Company Stores: Learning From Apple

Microsoft has taken a page from Apple and is opening its own, company branded stores. An online columnist explains the new strategy with a building product analogy:
Roof tile? That's over on aisle 9.

Stretch the analogy a bit. Windows tablets? They're on aisle 9, next to the laptop bags.

I could stretch the analogy even more, where the buyer gets lost amid a sea of generic Spanish roof tiles like Tom Anderson... at Home Labyrinth.

Nobody has to ask that question about the iPad. It's front and center at the Apple store.

So, Redmond needs the Microsoft Store -- or similar boutique storefronts where its product can stand out.
When Tom Anderson, a character in the "Pool Toys" episode of the animated TV show "Beavis and Butthead", wanted tile for a home improvement project, he went to Home Labyrinth, a big box store. A customer service person there scolded Tom for asking, and told him to look at "Aisle K7 149B Row 17 Shelf W." (See time code 7:13.) We then see Tom wondering, lost, among endless floor-to-ceiling racks until, after the store closes, he is left alone in its cavernous darkness and his car is towed from the parking lot.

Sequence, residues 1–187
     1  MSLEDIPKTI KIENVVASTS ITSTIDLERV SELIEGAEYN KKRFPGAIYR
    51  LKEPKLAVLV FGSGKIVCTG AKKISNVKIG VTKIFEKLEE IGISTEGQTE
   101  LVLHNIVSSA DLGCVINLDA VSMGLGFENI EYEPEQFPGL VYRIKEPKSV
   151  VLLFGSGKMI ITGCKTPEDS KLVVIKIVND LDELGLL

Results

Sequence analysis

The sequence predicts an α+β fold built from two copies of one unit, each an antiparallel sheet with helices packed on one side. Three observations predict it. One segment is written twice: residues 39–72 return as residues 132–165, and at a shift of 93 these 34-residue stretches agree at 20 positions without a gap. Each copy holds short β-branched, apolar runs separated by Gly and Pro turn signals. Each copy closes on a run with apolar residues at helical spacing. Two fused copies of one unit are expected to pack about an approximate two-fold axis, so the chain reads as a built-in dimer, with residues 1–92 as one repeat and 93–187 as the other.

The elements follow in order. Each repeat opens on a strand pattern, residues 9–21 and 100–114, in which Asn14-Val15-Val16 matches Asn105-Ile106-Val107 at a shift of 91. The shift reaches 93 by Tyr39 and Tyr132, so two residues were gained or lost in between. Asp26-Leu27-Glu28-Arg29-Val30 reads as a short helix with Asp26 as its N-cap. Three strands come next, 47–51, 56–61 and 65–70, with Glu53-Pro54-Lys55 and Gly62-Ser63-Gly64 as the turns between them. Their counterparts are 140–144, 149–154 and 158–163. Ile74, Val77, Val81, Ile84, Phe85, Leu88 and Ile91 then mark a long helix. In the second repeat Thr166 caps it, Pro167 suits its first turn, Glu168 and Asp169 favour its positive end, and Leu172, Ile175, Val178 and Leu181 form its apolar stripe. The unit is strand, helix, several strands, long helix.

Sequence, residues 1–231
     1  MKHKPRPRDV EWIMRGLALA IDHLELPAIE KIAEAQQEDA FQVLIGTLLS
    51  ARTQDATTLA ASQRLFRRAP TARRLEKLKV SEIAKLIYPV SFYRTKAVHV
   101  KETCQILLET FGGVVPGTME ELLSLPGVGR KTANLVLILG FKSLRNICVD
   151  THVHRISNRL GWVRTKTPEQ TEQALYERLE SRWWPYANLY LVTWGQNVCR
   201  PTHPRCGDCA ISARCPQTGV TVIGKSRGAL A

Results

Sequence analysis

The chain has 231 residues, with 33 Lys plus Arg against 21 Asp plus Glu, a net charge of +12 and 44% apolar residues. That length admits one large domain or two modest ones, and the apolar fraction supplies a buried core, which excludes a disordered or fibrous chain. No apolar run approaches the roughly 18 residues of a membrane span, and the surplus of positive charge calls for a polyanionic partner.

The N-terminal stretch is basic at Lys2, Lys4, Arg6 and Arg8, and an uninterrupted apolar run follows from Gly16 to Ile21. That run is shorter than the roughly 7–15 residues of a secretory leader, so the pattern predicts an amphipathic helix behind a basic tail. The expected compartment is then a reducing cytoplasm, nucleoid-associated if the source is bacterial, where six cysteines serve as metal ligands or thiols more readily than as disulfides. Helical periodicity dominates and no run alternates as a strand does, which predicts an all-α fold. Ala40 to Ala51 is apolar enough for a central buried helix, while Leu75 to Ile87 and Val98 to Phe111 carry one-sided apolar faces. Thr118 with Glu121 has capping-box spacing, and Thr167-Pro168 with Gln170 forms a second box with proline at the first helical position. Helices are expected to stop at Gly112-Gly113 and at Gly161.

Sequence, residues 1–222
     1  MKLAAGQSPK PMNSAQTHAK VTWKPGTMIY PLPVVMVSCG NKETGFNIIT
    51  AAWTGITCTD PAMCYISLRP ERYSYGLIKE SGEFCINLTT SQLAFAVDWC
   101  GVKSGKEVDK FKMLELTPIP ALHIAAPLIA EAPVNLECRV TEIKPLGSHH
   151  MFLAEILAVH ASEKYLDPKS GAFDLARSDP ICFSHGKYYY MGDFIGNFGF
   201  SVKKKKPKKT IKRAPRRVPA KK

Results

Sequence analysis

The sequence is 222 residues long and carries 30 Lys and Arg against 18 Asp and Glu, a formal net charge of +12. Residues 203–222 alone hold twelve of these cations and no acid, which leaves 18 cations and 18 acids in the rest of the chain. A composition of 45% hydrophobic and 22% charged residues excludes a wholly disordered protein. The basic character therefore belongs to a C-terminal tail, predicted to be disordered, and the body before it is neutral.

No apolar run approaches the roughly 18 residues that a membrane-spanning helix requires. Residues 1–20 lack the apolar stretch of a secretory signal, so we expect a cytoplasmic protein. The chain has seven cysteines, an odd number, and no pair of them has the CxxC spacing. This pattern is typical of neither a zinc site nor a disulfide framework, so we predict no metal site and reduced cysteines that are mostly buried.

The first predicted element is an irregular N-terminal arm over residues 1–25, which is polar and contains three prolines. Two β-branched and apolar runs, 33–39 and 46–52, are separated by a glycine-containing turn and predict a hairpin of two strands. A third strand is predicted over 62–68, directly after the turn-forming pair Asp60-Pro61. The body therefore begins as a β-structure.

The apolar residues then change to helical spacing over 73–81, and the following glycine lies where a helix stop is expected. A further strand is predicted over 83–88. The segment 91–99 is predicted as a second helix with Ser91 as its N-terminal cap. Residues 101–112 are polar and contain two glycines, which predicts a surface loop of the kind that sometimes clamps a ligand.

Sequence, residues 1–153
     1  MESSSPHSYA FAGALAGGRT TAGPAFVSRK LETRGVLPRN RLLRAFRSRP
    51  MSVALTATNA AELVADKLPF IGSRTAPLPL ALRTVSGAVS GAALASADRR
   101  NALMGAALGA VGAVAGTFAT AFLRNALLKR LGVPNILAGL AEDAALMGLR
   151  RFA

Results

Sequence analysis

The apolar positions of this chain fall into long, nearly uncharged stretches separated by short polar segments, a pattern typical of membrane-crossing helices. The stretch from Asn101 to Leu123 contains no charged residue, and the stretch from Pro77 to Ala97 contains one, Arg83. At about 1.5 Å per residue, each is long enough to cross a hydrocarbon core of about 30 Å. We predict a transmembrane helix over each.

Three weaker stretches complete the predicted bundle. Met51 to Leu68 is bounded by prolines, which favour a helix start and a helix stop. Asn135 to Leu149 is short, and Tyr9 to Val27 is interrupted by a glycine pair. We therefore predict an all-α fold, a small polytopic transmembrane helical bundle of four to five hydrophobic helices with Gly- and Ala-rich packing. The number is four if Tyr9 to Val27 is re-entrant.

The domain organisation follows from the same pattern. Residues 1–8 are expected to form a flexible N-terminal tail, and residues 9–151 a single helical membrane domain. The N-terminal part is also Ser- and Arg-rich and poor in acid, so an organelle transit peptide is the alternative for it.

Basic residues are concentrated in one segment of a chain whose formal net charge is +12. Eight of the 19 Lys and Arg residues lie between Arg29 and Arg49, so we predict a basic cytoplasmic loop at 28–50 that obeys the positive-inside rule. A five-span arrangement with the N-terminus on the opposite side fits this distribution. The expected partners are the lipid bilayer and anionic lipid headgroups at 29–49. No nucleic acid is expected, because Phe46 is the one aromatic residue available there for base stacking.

While building supply houses, big box stores, and other forms of distribution work for many building products, some building product companies have had success with their own storefront showrooms. See, for example:
   Pella Window
   The Sliding Door Company

While these showrooms are primarily for the consumer traffic, they also serve the trades.

Will this strategy work for your business? Give me a call and we can brainstorm together.

As Tom Anderson opines:
Don't show a man how to do something. 
Tell him what to do and let him surprise you with his ingenuity.